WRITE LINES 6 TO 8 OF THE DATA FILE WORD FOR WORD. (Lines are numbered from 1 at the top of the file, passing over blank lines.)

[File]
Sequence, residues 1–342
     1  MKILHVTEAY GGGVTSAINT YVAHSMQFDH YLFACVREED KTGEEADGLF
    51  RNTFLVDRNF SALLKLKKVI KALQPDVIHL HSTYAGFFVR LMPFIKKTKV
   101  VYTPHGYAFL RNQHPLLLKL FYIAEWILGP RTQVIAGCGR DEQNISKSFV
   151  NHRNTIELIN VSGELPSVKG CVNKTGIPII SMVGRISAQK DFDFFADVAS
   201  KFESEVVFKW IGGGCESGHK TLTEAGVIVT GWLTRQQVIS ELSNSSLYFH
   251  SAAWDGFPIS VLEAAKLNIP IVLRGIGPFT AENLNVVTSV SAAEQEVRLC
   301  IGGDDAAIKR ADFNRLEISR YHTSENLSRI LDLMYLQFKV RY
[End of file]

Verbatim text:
   201  KFESEVVFKW IGGGCESGHK TLTEAGVIVT GWLTRQQVIS ELSNSSLYFH
   251  SAAWDGFPIS VLEAAKLNIP IVLRGIGPFT AENLNVVTSV SAAEQEVRLC
   301  IGGDDAAIKR ADFNRLEISR YHTSENLSRI LDLMYLQFKV RY